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Kardiologia Polska 2015; 73, 9: ; DOI: /KP.a ISSN ARTYKUŁ ORYGINALNY / ORIGINAL ARTICLE Assessment of risk factors for mortality in patients with cardiovascular disease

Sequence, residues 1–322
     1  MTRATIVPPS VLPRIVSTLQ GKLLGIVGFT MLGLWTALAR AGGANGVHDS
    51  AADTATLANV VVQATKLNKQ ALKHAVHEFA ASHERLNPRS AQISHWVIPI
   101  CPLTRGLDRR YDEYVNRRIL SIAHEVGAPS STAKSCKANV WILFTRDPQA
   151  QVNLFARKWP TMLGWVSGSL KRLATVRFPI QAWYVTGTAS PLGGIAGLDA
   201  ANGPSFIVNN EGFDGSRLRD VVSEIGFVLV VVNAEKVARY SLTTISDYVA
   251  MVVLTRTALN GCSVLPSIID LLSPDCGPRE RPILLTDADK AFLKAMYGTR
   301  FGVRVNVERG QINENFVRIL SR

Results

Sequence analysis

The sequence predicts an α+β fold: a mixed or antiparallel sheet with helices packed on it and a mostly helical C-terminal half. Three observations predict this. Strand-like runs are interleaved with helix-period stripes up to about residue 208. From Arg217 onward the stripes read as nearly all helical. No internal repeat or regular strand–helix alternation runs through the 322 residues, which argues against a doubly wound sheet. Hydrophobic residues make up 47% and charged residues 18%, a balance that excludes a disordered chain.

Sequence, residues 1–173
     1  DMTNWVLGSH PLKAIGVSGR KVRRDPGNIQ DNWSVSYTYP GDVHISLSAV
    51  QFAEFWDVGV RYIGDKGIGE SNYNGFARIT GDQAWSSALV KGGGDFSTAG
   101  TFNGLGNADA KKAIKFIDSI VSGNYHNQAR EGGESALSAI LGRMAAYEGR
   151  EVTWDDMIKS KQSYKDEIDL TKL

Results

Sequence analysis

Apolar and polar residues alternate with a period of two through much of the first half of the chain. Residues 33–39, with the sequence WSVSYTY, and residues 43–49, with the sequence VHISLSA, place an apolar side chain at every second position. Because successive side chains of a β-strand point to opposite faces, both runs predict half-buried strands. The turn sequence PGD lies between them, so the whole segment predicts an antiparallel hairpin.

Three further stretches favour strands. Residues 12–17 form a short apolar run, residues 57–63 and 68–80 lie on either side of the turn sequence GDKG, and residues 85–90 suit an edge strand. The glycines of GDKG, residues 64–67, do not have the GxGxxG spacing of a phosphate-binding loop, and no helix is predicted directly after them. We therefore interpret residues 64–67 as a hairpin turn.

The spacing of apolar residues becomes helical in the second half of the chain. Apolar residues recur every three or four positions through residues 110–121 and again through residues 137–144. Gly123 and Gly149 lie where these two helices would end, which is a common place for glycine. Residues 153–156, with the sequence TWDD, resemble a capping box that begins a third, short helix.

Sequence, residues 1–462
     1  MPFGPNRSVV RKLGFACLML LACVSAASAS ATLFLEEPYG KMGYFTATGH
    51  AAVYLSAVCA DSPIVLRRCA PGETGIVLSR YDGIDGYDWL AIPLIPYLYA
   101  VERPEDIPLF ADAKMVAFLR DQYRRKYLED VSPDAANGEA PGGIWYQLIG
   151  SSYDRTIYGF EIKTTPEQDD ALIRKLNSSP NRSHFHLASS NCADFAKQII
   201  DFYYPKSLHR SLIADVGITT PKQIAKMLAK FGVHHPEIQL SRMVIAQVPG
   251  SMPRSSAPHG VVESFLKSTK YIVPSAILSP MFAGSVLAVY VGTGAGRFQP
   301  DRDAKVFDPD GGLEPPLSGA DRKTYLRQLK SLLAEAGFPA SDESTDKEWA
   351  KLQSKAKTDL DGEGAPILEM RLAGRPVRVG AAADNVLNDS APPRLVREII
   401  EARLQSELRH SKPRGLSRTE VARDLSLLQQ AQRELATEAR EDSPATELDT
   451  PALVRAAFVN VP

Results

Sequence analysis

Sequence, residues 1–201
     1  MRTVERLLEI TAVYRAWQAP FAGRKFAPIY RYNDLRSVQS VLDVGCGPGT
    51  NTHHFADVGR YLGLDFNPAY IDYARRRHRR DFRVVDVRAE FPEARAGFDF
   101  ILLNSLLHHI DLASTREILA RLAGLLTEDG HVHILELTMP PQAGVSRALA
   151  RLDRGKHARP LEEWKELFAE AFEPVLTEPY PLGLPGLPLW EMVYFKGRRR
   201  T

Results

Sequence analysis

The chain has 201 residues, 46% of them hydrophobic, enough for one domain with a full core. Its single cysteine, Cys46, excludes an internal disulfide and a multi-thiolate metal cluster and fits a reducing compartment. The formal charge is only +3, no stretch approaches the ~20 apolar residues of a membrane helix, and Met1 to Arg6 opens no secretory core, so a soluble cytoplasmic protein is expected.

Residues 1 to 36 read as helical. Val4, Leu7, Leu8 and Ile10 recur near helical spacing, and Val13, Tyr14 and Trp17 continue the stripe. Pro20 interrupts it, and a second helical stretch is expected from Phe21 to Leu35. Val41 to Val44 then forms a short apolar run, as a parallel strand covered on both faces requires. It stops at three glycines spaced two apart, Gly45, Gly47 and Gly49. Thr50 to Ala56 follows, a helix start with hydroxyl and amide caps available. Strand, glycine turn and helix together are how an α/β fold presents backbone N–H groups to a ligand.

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Kardiologia Polska 2015; 73, 9: ; DOI: /KP.a ISSN ARTYKUŁ ORYGINALNY / ORIGINAL ARTICLE Assessment of risk factors for mortality in patients with cardiovascular disease and a history of treatment for malignancy Jarosław Rydzek 1, 2, Zbigniew T. Gąsior 3, Józefa Dąbek 3, Jerzy Wojnar 4, Michał Skrzypek 5 1 Świętokrzyskie Centre of Cardiology, Kielce, Poland 2 Voivodship Polyclinical Hospital, Czestochowa, Poland 3 Department of Cardiology, SHS, Medical University of Silesia, Katowice, Poland 4 Department of Internal Medicine and Oncologic Chemotherapy, SMK, Medical University of Silesia, Katowice, Poland 5 Department of Biostatistics, SPDLM, Medical University of Silesia, Katowice, Poland Abstract Background: Patients with advanced cancer after radio- and/or chemotherapy are increasingly commonly hospitalised in cardiology units due to coexisting cardiovascular diseases (CVD). A rational assessment of mortality risk is an important part of patient preparation for invasive cardiac procedures. One disadvantage of cardiac risk scores is the fact that malignancies are not taken into account. At present, accurate estimation of life expectancy is possible in up to 20% of patients with an advanced malignancy. Aim: To evaluate the effect of selected clinical parameters on survival of patients with CVD and coexisting lung or breast cancer after radio- and/or chemotherapy. An additional aim was to identify patients with a high probability of surviving a year in a good general clinical condition. Methods: The study group involved 326 subjects with established CVD and lung cancer (small-cell or non-small-cell) or breast cancer who were selected from the group of 7818 patients receiving palliative care in the Palium hospice in Czestochowa, Poland, in The obtained data were collected in a database and subjected to a statistical analysis. Results: The strongest factors associated with an increased risk of death among patients with CVD and coexisting advanced lung or breast cancer after chemo- and/or radiotherapy were the type and stage of malignancy, functional status according to the ECOG classification, and the presence of cachexia. Other factors that had a significant effect on survival included higher severity of heart failure symptoms as evaluated by the New York Heart Association class, decreased left ventricular ejection fraction, presence of ischaemic heart disease, chronic obstructive pulmonary disease, fasting hyperglycaemia, and the severity of fatigue, nausea, and pain. When the effects of drug treatment on survival were analysed, significantly increased survival was observed in patients treated with angiotensin-converting enzyme inhibitors while diuretic and glucocorticosteroid use was associated with decreased survival. Among the evaluated groups of patients with CVD and advanced malignancy after radio- and/or chemotherapy, the highest probability of surviving a year in a relatively good general clinical condition was noted in patients with stage 3 breast cancer without cachexia, ischaemic heart disease and persistent somatic symptoms who were treated with tamoxifen, angiotensin-converting enzyme inhibitors and megestrol acetate. Conclusions: This is the first study that evaluated the combined effect of oncological and cardiovascular risk factors on survival of patients with CVD and coexisting cancer after radio- and/or chemotherapy treatment. When the three groups of cancer patients with different prognosis were compared, the study revealed varying effects of each factor depending on the underlying malignancy. The analysis confirmed the significance of the cumulative risk. The present study showed that malignancy-related prognostic factors are important in the context of cardiac evaluation and treatment of cancer patients. It also showed that further research is needed to clarify these issues. Key words: malignancy, cardiovascular diseases, prognosis, therapy Kardiol Pol 2015; 73, 9: Address for correspondence: Prof. Zbigniew T. Gąsior, Department of Cardiology, SHS, Medical University of Silesia, ul. Ziołowa 45, Katowice, Poland, Received: Accepted: Available as AoP: Copyright Polskie Towarzystwo Kardiologiczne Assessment of risk factors for mortality in patients with CVD and a history of treatment for malignancy INTRODUCTION Patients with an advanced cancer after oncologic treatment are increasingly commonly hospitalised in cardiology units due to coexisting cardiovascular diseases (CVD). Thus, there is an increasing need for various invasive procedures, and patient selection for invasive treatment becomes more complex. A rational assessment of mortality risk is an important part of patient preparation for invasive cardiac procedures. This is particularly important in case of procedures that lead to long-term prognostic benefits. Life expectancy over 1 year is an important factor when choosing the type of cardiac resynchronisation therapy device and implanting a cardioverter-defibrillator. As indicated by the guidelines, it is also of major importance when selecting patient for surgical myocardial revascularisation or transcutaneous aortic valve implantation. It is also among major factors to be considered when contemplating fibrinolytic therapy for acute proximal deep vein thrombosis, and making decisions regarding angioplasty and stenting. In current cardiology practice, mortality risk scores have become an essential component of patient selection for invasive procedures. The most commonly used cardiac risk scores include GRACE, SEATTLE, EuroSCORE, and STS. However, these commonly used clinical tools do not include malignancy and oncologic treatment in the diagnostic and therapeutic process, leading to an increased debate among experts regarding limitations of the currently used risk scores and the rationale for their improvement and update [1]. Estimation of 1-year survival is most challenging in patients with an advanced malignancy. At about 1 year before dying, a patient with malignancy is usually in a better condition than a patient with diabetes, previous stroke, chronic heart failure, or chronic obstructive pulmonary disease (COPD), while during the terminal month of life, the functional status of a patient with malignancy is usually worse compared to patients with other chronic disease [2]. Patients with an advanced malignancy are at an increased risk of adverse cardiovascular (CV) outcomes, but their short life expectancy often precludes invasive cardiac treatment. In clinical practice, it is important to answer the question whether specific therapy will bring objective benefits including prolongation of life and improvement of the quality of life. At present, accurate estimation of life expectancy is possible in up to 20% of patients with an advanced malignancy [3 5]. Studies indicate that patients with an advanced malignancy may be, sometimes incorrectly, denied optimal cardiac therapy based on underestimated prognostic factors. On the other hand, use of too invasive diagnostic and therapeutic procedures, often contributing to patient discomfort, may be not justified from the ethical point of view. Careful evaluation of prognostic factors in patients with an advanced malignancy treated with radio- and/or chemotherapy and concomitant CVD may result in better therapeutic and diagnostic decision. The main aim of the study was to evaluate the effect of selected clinical parameters on survival of patients with CVD and coexisting lung or breast cancer treated with radio- and/or chemotherapy. An additional aim was to identify patients with a high probability of surviving a year in a good general clinical condition. METHODS Study group We studied 326 patients with established CVD and breast or lung cancer (small cell or non-small cell) treated with radioand/or chemotherapy who were selected from the group of 7818 patients receiving palliative care in the Palium hospice in Czestochowa, Poland, in The patients were divided into three groups depending on the underlying malignancy: breast cancer (BC 99 patients), non-small cell lung cancer (NSCLC 196 patients), and small cell lung cancer (SCLC 31 patients). Study plan This prospective case-control study included evaluation of survival in the study group in relation to: the type of malignancy and its severity; concomitant CVD including ischaemic heart disease (IHD), hypertension, atrial fibrillation, and the severity of heart failure symptoms as evaluated using the New York Heart Association (NYHA) classification; other common concomitant diseases: COPD, diabetes, and fasting hyperglycaemia; selected prognostic factors of an established value in malignancies: functional status evaluated using the Eastern Cooperative Oncology Group (ECOG) scale, somatic factors such as severity of dyspnoea, pain evaluated using the visual analogue scale, severity of nausea, fatigue evaluated using the Likert scale, and the presence of cachexia; selected prognostic factors of an established value in CVD: resting heart rate and left ventricular ejection fraction (LVEF); drug treatment used, including angiotensin-converting enzyme inhibitors (ACEI), beta-blockers, megestrol acetate, diuretics, and dexamethasone in all three patient groups, and tamoxifen in patients with BC. The study protocol included: detailed history; physical examination; blood pressure and heart rate measurements according to the European Society of Hypertension guidelines; fasting capillary blood glucose level measurements using the Accu-Chek Active glucose meter (device precision in accordance with the DIN EN ISO 15197:2003 standard). 731 Jarosław Rydzek et al. Patients were evaluated three times: at baseline, after 3 weeks, and within 7 days before death. Statistical analysis Statistical analyses were performed using the SAS package, version 9.2 (SAS Institute Inc., Gary, NC), with the level of statistical significance at a = Normal distribution of quantitative variables was verified using the Shapiro-Wilk test. Parameters of quantitative variable distribution were compared using the Student t test for normally distributed variables and the Mann-Whitney U test for non-normally distributed variables with categorisation to two groups, and analysis of variance for normally distributed variables and the Kruskal-Wallis test for non-normally distributed variables with categorisation to more than two groups. Univariate survival analysis was performed using the Kaplan-Meier approach for qualitative descriptors and the Cox regression model for quantitative descriptors. Multivariate analysis was used to summarise simple univariate analysis using the Cox survival analysis with non-proportional hazard function, as the rule of proportional hazards, a prerequisite for the proportional hazard Cox model, was violated. Calculations were performed using a macro prepared for the SAS program. Multivariate model included variables with p 0.02 in univariate analyses, with their stepwise elimination until only significant (p 0.05) variables remained in the model. To evaluate the effect of the evaluated factors on the likelihood of surviving at least 1 year, univariate logistic regression analysis was used and receiver operating characteristic curves were plotted. RESULTS Study group characteristics We studied 326 patients aged 42 to 89 years. The mean age of women did not differ significant from that of men (67.1 vs years; p = 0.36). No age differences were also noted between patients with various malignancies. Tables below show basic characteristics of the study group of patients with a malignancy and concomitant CVD, including dichotomous variables (Table 1), ordinal variables (Table 2), and quantitative variables (Table 3). The median survival from the diagnosis of a malignancy was 96, 12, and 4.8 months in patients with BC, NSCLC and SCLC, respectively (p 0.01). Patient survival in relation to the type of malignancy is shown in Figure 1. The median survival from admission to the hospice was 2.5, 1.6, and 1.2 in patients with BC, NSCLC and SCLC, respectively (p 0.01). Patient survival from admission to the hospice in relation to the type of malignancy is shown in Figure 2. Multivariate analysis of parameters associated with survival in patients with BC and concomitant CVD, with corresponding relative hazard values, is shown in Figure 3. Table 1. Characteristics of the study group including demographic data, type of malignancy, concomitant conditions, and drug treatment used Age [years] Gender: 67.8 ± 10 (42 89 years) Women 150 (46%) Men 176 (54%) Type of malignancy: Breast cancer 99 (30.5%) Non-small cell lung cancer 196 (60%) Small cell lung cancer 31 (9.5%) Concomitant conditions: Ischaemic heart disease 252 (77.3%) Hypertension 88 (26.9%) Atrial fibrillation 141 (43.2%) Diabetes 20 (6.1%) COPD 153 (47%) Cachexia 214 (65.6%) Medications: ACEI 117 (35.8%) Beta-blocker 72 (22.0%) Tamoxifene 33 (10.1%) Megestrol acetate 156 (47.8%) Diuretic 167 (51.2%) Dexamethasone 162 (49.6%) ACEI angiotensin-converting enzyme inhibitor; COPD chronic obstructive pulmonary disease In patients with BC, variables associated with increased survival included treatment with ACEI, megestrol acetate, and tamoxifen (p 0.01), while only a nonsignificant trend was noted for beta-blocker used compared to non-use. Analysis of survival predictors in patients with NSCLC and CVD is shown in Figure 4. Reduced survival was associated with more advanced malignancy, higher ECOG class, higher severity of somatic complaints, higher NYHA class, presence of IHD, higher resting heart rate, lower LVEF, fasting hyperglycaemia, concomitant COPD, and use of diuretics and dexamethasone. Prognostic factors in patients with SCLC are shown in Figure 5. In patients with SCLC, factors associated with significantly shorter survival included more advanced malignancy, higher ECOG class, higher severity of persisting somatic complaints, higher heart failure severity as evaluated by the NYHA class, presence of IHD, atrial fibrillation, higher resting heart rate, lower LVEF, concomitant COPD, non-use of ACEI, and use of diuretics. In this patient group, treatment with beta-blockers and megestrol acetate was associated with only a trend towards increased survival (p = 0.58). 732 Assessment of risk factors for mortality in patients with CVD and a history of treatment for malignancy Table 2. Basic descriptive statistics for ordinal variables NYHA class Measurement 1 (n = 326) Measurement 2 (n = 228) Measurement 3 (n = 220) I 37 (11.3%) 31 (13.6%) II 62 (19.0%) 43 (18.9%) III 95 (29.1%) 75 (32.9%) 24 (10.9%) IV 132 (40.5%) 79 (34.6%) 196 (89.1%) Blood pressure [mm Hg] Measurement 1 (n = 326) Measurement 2 (n = 232) Measurement 3 (n = 224) Range Mean Median Range Mean Median Range Mean Median Systolic ± ± ± Diastolic ± ± ± ECOG Measurement 1 (n = 326) Measurement 2 (n = 261) Measurement 3 (n = 251) (10.7%) 32 (12.3%) 2 75 (23.0%) 66 (25.3%) 3 87 (26.7%) 63 (24.1%) 52 (20.7%) (39.6%) 100 (38.3%) 199 (79.3%) Severity of fatigue on admission to the hospice [Likert scale] (n = 326) Not present at all 31 (9.5%) Rather not present 50 (15.3%) Marked fatigue 93 (28.5%) Constant fatigue 152 (46.7%) Nausea [Likert scale] (n = 326) 1 98 (30.0%) 2 86 (26.4%) (33.7%) 4 32 (9.8%) ECOG Eastern Cooperative Oncology Group; NYHA New York Heart Association 733 Jarosław Rydzek et al. Table 3. Basic descriptive statistics for quantitative data Parameter (number of observations) Range Mean ± SD Median LVEF [%] (n = 189) ± Fasting glucose [mg/dl] (n = 326) ± Resting heart rate [bpm]: Measurement 1 (n = 326) ± Measurement 2 (n = 229) ± Measurement 3 (n = 219) ± Measurements of LVEF and blood glucose were performed at baseline, and heart rate was measured during each visit. LVEF left ventricular fraction; SD standard deviation Figure 1. Survival from the diagnosis of malignancy with 95% confidence intervals in relation to the type of malignancy; BC breast cancer; NSCLC non-small cell lung cancer; SCLC small cell lung cancer Our analysis of the study group identified factors associated with the highest likelihood of surviving 1 year. These included the diagnosis of stage III BC, no IHD, grade 1 severity of nausea, treatment with tamoxifen, megestrol acetate, and ACEI, and non-use of dexamethasone. DISCUSSION Malignancy and previous oncologic therapy are factors potentially associated with increased 1-year mortality and should be taken into account when selecting patients for invasive CV treatment. Appropriate therapeutic decision must be based on the cumulative risk related not only to the primary CV disorder but also concomitant conditions and symptoms, their treatment, and interactions between these factors. In our study, we compared three groups of patients with different malignancies with varying prognosis and showed different effects of the evaluated factors depending on specific malignancy (Figs. 3 5). Figure 2. Survival from the admission to the hospice in relation to the type of malignancy; BC breast cancer; NSCLC non- -small cell lung cancer; SCLC small cell lung cancer The presence of coronary artery disease had a significant effect on survival in all three groups of patients with an advanced malignancy. Deaths due to myocardial infarction were documented in 6 patients in the study group. Symptomatic coronary artery disease may be a reason for, sometimes incorrect, denial of appropriate oncologic therapy, while previous oncologic therapy may lead to premature coronary artery disease [6]. On the other hand, myocardial revascularisation may be necessary before appropriate oncologic treatment. Higher severity of heart failure as evaluated by the NYHA class significantly increased mortality among patients with an advanced malignancy in our study group. In most patients with a history of malignancy who were hospitalised for cardiac reasons, heart failure resulted from the underlying CVD. Drug treatment of heart failure may rapidly reduce its clinical symptoms and have a beneficial prognostic effect. We found no significant effect of hypertension on survival in the study group. This might have resulted from a relatively short duration of follow-up. 734 Assessment of risk factors for mortality in patients with CVD and a history of treatment for malignancy Figure 3. Hazard ratios (HR) for breast cancer (model including all cases, n = 99); ACEI angiotensin-converting enzyme inhibitor; COPD chronic obstructive pulmonary disease; ECOG Eastern Cooperative Oncology Group; NYHA New York Heart Association; IHD ischaemic heart disease; LVEF left ventricular ejection fraction Figure 4. Hazard ratios (HR) for non-small cell lung cancer (NSCLC) (model including all cases, n = 196); ACEI angiotensin- -converting enzyme inhibitor; COPD chronic obstructive pulmonary disease; ECOG Eastern Cooperative Oncology Group; NYHA New York Heart Association; IHD ischaemic heart disease; LVEF left ventricular ejection fraction 735 Jarosław Rydzek et al. Figure 5. Hazard ratios (HR) for small cell lung cancer (SCLC) (n = 31); ACEI angiotensin-converting enzyme inhibitor; COPD chronic obstructive pulmonary disease; ECOG Eastern Cooperative Oncology Group; NYHA New York Heart Association; IHD ischaemic heart disease; LVEF left ventricular ejection fraction Atrial fibrillation is associated with twice increased mortality regardless of other established factors contributing to mortality [7, 8]. In our analysis, mortality was increased in patients with atrial fibrillation but the difference in BC patients was not significant. In a prognostic study of patients with colon cancer and diabetes reported by Feng et al. [9], reduced 5-year survival was shown in diabetic patients. In our study, a nonsignificant trend was noted for an increased mortality among patients with diabetes in all three study groups. Concomitant COPD had a significant effect on reduced survival in patients with an advanced malignancy. Lung cancer is more common in CO